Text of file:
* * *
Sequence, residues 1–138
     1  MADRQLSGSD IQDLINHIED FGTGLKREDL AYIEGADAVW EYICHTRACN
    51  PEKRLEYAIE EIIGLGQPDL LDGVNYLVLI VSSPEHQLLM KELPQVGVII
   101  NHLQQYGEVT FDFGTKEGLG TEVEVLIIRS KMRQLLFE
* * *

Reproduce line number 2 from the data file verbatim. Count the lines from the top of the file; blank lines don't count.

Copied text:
     1  MADRQLSGSD IQDLINHIED FGTGLKREDL AYIEGADAVW EYICHTRACN